Ok, so I have to start this review with a confession. I love Monopoly. I realize that this confession will not necessarily be popular among many of my readers who wish to disassociate themselves as much as possible from the game. However, after growing up playing it, I still enjoy the game as an adult. I have many, many other games now, so it doesn't hit my table often - but when it does, I still enjoy this classic. So, when I heard about the Monopoly DVD documentary Under the Boardwalk: The Monopoly Story, I was very intrigued.
Ok, here's the next confession - I review board games; not DVDs. In fact, this will be my first DVD review, but as long as DVDs continue to be made about board games (which I think my readers will find interesting), I'll continue to review them.
The Feature - "The Monopoly Story"Whereas this is called "The Monopoly Story", I think it would be better titled, "Chronicles of the 2009 Monopoly World Championship." The film features several hopeful competitors who are attempting to win first the U.S. National Monopoly Championship (for which you win approximately $20,000 - the amount of money found in a game of Monopoly), and then the 2009 World Monopoly Championship. And, along the way, they also give you more information about the game itself.
When it comes to interviewing authority figures within the Monopoly world, Under the Boardwalk is unmatched. Some of the people interviewed include the Monopoly world tournament judge for the last few decades, Charles Darrow's (the inventor of Monopoly) grandson, two U.S. Monopoly champions, the original Monopoly World Champion, Hasbro's Monopoly brand manager, and many others. Moreover, the film does a very good job of highlighting something about these people - they are normal people that happen to have a passion for the game of Monopoly. Regularly, when interviewing them, the film will tell you their names and professions. The down side of this is that, until later in the film, you don't realize how much of an authority figure they are! (Plus, knowing the authorities that are involved in the movie helps reassure you that the information you are receiving is truly factual.)
Because the competitors are presented as normal people, Under the Boardwalk does a very good job of bringing out the personalities (and even rivalries!) within the world of tournament Monopoly. You have characters that truly train, study, and practice for the tournaments. Then, you have people that enjoy Monopoly, but primarily play it with family. You get to follow a 6th grade teacher that uses Monopoly to help his students learn math - and you get to learn why one of the other highly regarded Monopoly competitors considers him to be a cheater. The people element of all of this really brings you into the story of this tournament. (And, fortunately, most of the people truly appear to enjoy their time playing - they don't appear to be quite as cutthroat as I expected them to be... but then again, if they were, who would trade with them?)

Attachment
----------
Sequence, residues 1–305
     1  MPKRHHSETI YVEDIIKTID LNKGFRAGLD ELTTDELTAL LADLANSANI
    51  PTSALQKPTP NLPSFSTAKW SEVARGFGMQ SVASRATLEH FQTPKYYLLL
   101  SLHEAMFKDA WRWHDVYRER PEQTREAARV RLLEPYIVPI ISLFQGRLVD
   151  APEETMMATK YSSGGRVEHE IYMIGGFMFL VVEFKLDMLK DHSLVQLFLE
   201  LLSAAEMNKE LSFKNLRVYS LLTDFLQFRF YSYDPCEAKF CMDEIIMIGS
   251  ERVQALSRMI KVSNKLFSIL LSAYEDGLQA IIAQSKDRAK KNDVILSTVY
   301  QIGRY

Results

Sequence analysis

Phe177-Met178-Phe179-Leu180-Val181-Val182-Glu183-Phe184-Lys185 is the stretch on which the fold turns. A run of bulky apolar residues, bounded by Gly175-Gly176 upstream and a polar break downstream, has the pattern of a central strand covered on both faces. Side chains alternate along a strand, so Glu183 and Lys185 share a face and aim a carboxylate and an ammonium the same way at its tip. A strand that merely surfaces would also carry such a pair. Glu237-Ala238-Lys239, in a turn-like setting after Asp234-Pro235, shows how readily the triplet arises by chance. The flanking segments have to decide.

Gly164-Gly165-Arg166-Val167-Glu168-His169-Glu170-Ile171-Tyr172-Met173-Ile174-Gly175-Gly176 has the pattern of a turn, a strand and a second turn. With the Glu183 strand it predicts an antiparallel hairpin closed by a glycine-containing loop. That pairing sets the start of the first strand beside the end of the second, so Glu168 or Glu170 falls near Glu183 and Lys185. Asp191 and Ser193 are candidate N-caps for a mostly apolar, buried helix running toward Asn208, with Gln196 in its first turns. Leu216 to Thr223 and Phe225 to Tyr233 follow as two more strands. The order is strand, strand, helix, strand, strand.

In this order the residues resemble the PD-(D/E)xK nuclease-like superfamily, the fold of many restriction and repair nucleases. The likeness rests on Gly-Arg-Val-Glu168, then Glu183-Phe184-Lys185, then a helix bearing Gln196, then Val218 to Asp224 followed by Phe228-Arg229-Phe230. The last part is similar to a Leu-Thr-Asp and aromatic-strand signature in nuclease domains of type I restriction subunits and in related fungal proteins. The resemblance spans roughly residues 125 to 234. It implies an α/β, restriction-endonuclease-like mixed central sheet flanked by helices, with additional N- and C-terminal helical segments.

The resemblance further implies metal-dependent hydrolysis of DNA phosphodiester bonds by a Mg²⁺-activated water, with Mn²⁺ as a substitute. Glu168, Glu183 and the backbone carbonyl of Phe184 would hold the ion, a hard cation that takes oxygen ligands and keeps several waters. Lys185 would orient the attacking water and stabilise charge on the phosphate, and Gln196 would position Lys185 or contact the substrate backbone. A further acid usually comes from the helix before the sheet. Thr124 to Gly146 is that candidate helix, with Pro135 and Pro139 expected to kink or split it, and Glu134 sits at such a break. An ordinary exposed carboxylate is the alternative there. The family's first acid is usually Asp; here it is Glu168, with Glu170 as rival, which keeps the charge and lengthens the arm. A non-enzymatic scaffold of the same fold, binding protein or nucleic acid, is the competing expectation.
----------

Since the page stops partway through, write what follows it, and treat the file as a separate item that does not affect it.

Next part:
Among chronicling the 2009 World Championship, Under the Boardwalk throws in some fascinating information and history of the game of Monopoly. For history, the documentary starts with it's origins as the "Landlord's Game", and continues through it's gradual reshaping until it because the game that Charles Darrow invented - which, FYI, was played on a round board! For random facts, do you know where the largest Monopoly board in the world is - or how large it is? I do - and if you watch the film, you will too (well, at least until you forget). I found all of these factual tidbits to be very engaging. I wish that they had focused more on this aspect, but isn't one of the trademarks of a good documentary the fact that it leaves you wanting to know more?
Finally, I must say that I was impressed with the overall quality of the film. I had no idea what to expect going in. I knew it was about Monopoly, and that was enough for me. I had no idea if this was a small-budget or large-budget movie. (To be fair, I still have no idea.) However, with footage included from the national championships of New Zealand, Singapore, Mexico, Canada, and the United States (among others), the film truly feels exhaustive. There are a couple places where I noticed the sound being a bit less than perfect, but I believe that was because of the volume of what was recorded (I believe they were recording the announcer at one of the tournaments who was on a microphone).
ExtrasIn case the feature film wasn't enough, the DVD also features some extras that are pretty nice. First, you can take the full 20 question quiz that all National Champion hopefuls must attempt in order to gain entry into the National Tournament (I got approximately 14 out of 20 correct). Next, they also feature the full (42-minute) 2009 World Championship final game! I realize that many people will not understand this (unless, of course, you enjoy Monopoly enough to buy a DVD about it), but I can see myself watching this at some point!
SummaryOverall, I give Under the Boardwalk a 9.5/10. I have no idea how to score DVDs, so take that how you will. However, I really enjoyed the DVD and consider it to be something that any Monopoly fan should definitely try to watch!
I would like to thank the filmmakers of Under the Boardwalk for providing me with a review copy of their film.
And, if you love Monopoly, you might also want to read about Monopoly Deal - a spinoff of the classic game of Monopoly.